# Trace of derivatives of unitary operators

+ 4 like - 0 dislike
607 views

I have been studying some lecture notes on the non-linear sigma model and I came up with some difficulties involving a trace. I have the following unitary operator $$U=\exp\left( \frac{i\vec{\tau}\cdot\vec{\Phi}(x)}{f_{\pi}} \right)$$ How do I calculate $\text{Tr}(\partial_{\mu}U^{\dagger}\partial^{\mu}U)$? The problem had arisen when it was shown (without proof) that the kinetic term of the sigma-meson field was given by $\frac{1}{2}\partial_{\mu}\sigma\partial^{\mu}\sigma=\frac{f_{\pi}}{4}\text{Tr}(\partial_{\mu}U^{\dagger}\partial^{\mu}U)$. The sigma-meson field is $\sigma=f_{\pi}\cos\left( \frac{\Phi(x)}{f_{\pi}} \right)=f_{\pi}+\mathcal{O}(\Phi^2)$ and the pion field is $\vec{\pi}=f_{\pi}\hat{\Phi}\sin \left( \frac{\Phi(x)}{f_{\pi}} \right)=\vec{\Phi}(x)+\mathcal{O}(\Phi^3)$

This post imported from StackExchange Physics at 2015-01-22 11:33 (UTC), posted by SE-user Judas503
What matrices are the $\vec\tau$? Isospin? How do the notes you're reading define their normalization?

This post imported from StackExchange Physics at 2015-01-22 11:33 (UTC), posted by SE-user 0celo7

+ 0 like - 0 dislike

I'm not sure how the $\vec\tau$ matrices are normalized, but we can get quite far without that. The first thing we should do is take the derivative $$\partial^\mu U=\frac{i}{f_\pi}(\vec\tau\cdot\partial^\mu\vec\Phi)U$$ and $$\partial_\mu U^\dagger=-\frac{i}{f_\pi}(\vec\tau\cdot\partial^\mu\vec\Phi^\dagger)U^\dagger$$ (I'm making the guess that the $\vec\tau$ are Hermitian.) Then $$\partial_\mu U^\dagger \partial^\mu U=f^{-2}_\pi(\vec\tau\cdot\partial^\mu\vec\Phi^\dagger)(\vec\tau\cdot\partial^\mu\vec\Phi)$$ Note that the $U$s cancel out because they are unitary and commute with the $\vec\tau$. We then write $$\partial_\mu U^\dagger \partial^\mu U=f^{-2}_\pi \partial_\mu\Phi^\dagger_i\partial^\mu\Phi_j\tau_i\tau_j$$ If we know the normalization $\operatorname{tr}(\tau_i\tau_j)$, then we can complete the expression.

This post imported from StackExchange Physics at 2015-01-22 11:33 (UTC), posted by SE-user 0celo7
answered Jan 21, 2015 by (50 points)
I'm not entirely convinced that $\vec\tau$ commutes with the unitary. Could you provide a proof of this fact please?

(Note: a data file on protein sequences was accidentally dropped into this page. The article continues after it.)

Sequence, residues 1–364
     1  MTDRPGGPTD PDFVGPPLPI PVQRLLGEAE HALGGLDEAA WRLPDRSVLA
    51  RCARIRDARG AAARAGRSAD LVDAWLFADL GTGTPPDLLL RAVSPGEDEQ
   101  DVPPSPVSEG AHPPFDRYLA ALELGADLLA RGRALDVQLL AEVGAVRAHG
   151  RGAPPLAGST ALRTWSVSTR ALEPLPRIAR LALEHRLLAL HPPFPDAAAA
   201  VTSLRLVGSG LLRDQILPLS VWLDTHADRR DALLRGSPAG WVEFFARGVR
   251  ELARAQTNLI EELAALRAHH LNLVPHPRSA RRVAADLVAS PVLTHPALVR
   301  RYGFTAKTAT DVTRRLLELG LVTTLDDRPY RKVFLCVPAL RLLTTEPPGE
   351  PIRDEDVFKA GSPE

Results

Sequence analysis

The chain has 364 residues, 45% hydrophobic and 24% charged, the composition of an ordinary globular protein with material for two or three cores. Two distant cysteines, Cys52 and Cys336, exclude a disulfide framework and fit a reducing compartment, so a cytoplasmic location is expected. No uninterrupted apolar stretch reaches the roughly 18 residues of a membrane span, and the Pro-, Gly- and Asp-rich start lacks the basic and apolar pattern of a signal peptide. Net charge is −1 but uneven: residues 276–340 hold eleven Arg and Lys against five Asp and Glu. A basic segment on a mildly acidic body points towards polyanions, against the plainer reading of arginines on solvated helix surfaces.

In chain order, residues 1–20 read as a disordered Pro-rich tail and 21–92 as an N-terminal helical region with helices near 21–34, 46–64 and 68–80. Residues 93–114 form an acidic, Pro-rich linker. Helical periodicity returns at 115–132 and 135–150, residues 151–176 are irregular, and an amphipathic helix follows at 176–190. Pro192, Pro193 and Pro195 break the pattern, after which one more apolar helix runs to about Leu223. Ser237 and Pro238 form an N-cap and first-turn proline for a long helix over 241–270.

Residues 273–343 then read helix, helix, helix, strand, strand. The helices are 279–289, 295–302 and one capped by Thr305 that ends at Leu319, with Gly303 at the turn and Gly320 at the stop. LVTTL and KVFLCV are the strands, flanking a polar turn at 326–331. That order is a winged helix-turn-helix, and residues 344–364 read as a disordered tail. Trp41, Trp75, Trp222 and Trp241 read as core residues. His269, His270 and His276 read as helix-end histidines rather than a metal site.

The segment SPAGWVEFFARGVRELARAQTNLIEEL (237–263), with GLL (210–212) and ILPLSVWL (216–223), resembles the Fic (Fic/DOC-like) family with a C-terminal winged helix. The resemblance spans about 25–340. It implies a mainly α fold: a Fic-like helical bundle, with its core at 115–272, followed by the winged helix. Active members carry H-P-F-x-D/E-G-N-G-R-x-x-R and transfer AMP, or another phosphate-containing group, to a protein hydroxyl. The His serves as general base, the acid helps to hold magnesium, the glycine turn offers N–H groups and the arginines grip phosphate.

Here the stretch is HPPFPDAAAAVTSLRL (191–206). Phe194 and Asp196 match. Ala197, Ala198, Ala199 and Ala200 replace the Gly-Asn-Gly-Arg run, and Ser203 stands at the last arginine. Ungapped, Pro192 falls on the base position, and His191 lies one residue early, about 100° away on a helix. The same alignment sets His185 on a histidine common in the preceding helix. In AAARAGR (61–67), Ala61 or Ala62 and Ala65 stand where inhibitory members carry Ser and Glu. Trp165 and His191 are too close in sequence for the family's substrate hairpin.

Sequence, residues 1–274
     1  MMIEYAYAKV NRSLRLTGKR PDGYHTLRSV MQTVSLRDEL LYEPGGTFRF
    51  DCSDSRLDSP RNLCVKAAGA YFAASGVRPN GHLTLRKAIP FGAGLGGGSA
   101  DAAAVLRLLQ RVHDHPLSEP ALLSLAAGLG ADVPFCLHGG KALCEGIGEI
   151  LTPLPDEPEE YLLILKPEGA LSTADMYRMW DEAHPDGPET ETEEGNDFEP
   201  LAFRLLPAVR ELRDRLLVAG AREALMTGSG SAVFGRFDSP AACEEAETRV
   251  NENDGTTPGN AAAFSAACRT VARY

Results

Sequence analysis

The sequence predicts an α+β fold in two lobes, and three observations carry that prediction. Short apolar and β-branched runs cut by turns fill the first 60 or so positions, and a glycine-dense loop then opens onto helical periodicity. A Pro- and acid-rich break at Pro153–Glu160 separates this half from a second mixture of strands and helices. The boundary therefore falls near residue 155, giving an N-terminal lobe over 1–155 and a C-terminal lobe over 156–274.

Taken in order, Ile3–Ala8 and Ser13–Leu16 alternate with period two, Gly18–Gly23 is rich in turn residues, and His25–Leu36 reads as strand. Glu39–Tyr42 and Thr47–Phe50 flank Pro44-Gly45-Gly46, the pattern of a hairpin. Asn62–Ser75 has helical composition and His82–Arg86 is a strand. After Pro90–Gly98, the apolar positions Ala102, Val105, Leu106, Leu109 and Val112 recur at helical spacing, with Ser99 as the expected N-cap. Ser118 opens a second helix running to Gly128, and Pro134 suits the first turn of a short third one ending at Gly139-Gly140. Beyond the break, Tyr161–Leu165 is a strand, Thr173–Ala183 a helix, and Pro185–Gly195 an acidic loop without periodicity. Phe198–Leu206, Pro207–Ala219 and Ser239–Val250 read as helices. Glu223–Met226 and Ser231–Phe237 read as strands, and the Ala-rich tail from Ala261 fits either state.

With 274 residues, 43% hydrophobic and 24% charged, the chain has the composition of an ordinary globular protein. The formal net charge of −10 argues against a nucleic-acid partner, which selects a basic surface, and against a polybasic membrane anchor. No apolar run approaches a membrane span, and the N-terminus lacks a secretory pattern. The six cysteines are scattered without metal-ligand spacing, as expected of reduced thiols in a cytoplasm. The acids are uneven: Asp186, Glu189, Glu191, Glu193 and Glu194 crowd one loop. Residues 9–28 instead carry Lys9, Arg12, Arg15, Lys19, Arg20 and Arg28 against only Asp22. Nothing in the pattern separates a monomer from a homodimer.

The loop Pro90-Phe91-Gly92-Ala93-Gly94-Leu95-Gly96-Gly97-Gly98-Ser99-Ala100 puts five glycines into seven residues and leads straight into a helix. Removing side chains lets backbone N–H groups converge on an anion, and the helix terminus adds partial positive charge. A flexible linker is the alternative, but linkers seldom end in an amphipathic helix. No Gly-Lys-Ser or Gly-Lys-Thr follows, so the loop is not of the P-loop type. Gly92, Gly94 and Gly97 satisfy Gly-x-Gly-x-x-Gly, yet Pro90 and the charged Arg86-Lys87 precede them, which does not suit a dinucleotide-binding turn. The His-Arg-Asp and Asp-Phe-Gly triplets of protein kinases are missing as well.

This post imported from StackExchange Physics at 2015-01-22 11:33 (UTC), posted by SE-user Phoenix87
@Phoenix87 I guess the commutation relations could make that tricky. I'm having an off day today. I can fix this, but I have to make an assumption and I'm not sure I can make it. I'll assume $\partial(U^\dagger)=(\partial U)^\dagger$. Then we have $\partial^\mu U=(i/f)(\vec\tau \cdot\partial^\mu\vec\Phi)U$ as usual but $\partial_\mu U^\dagger=-(i/f)U^\dagger(\vec\tau \cdot\partial_\mu\vec\Phi)$ because transpose changes the order of matrices. Then, using the cyclicity of the trace, we can get the unitaries to cancel.

This post imported from StackExchange Physics at 2015-01-22 11:33 (UTC), posted by SE-user 0celo7
$\partial^\mu[\vec\tau \cdot\vec\Phi(x)]$ in general will not commute with $\vec\tau \cdot\vec\Phi(x)$, in which case the first step will be incorrect.

 Please use answers only to (at least partly) answer questions. To comment, discuss, or ask for clarification, leave a comment instead. To mask links under text, please type your text, highlight it, and click the "link" button. You can then enter your link URL. Please consult the FAQ for as to how to format your post. This is the answer box; if you want to write a comment instead, please use the 'add comment' button. Live preview (may slow down editor)   Preview Your name to display (optional): Email me at this address if my answer is selected or commented on: Privacy: Your email address will only be used for sending these notifications. Anti-spam verification: If you are a human please identify the position of the character covered by the symbol $\varnothing$ in the following word:p$\hbar$ysicsOve$\varnothing$flowThen drag the red bullet below over the corresponding character of our banner. When you drop it there, the bullet changes to green (on slow internet connections after a few seconds). To avoid this verification in future, please log in or register.